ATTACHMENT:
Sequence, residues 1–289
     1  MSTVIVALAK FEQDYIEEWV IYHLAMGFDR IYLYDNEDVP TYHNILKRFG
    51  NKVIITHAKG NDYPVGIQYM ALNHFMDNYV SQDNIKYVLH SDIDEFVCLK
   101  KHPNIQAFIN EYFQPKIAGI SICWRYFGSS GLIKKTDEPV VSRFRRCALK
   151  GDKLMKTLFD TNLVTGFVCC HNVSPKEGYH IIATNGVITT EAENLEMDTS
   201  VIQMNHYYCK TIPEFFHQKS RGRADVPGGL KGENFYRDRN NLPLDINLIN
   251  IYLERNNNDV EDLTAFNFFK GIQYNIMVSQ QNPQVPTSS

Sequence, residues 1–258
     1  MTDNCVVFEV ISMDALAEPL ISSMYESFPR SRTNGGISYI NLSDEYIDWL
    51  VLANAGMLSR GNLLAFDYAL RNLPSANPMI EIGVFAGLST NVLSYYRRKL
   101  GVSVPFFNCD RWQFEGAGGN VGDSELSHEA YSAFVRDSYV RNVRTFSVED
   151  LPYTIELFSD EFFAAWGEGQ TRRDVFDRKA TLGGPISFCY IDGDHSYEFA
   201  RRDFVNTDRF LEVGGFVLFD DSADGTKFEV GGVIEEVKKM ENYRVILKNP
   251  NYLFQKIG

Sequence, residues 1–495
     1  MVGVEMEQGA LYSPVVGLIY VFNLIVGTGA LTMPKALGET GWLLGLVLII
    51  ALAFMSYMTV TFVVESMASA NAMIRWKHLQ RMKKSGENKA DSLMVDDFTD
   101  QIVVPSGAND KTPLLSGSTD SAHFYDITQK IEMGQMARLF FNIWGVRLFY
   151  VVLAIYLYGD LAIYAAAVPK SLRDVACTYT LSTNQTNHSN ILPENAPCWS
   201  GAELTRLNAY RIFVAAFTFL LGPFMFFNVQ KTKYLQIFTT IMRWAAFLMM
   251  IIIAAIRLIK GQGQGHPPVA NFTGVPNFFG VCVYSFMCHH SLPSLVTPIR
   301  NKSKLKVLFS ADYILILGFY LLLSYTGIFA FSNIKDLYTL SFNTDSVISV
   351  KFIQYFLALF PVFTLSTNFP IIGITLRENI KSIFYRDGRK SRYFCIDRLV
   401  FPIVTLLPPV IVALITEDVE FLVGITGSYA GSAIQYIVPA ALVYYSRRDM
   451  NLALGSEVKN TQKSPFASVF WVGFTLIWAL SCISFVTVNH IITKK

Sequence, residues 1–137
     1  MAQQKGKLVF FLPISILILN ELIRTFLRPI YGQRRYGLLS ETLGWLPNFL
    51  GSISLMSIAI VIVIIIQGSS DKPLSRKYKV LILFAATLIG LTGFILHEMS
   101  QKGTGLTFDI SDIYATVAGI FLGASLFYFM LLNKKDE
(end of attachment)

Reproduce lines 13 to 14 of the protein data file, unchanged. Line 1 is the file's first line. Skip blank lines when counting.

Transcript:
   201  RRDFVNTDRF LEVGGFVLFD DSADGTKFEV GGVIEEVKKM ENYRVILKNP
   251  NYLFQKIG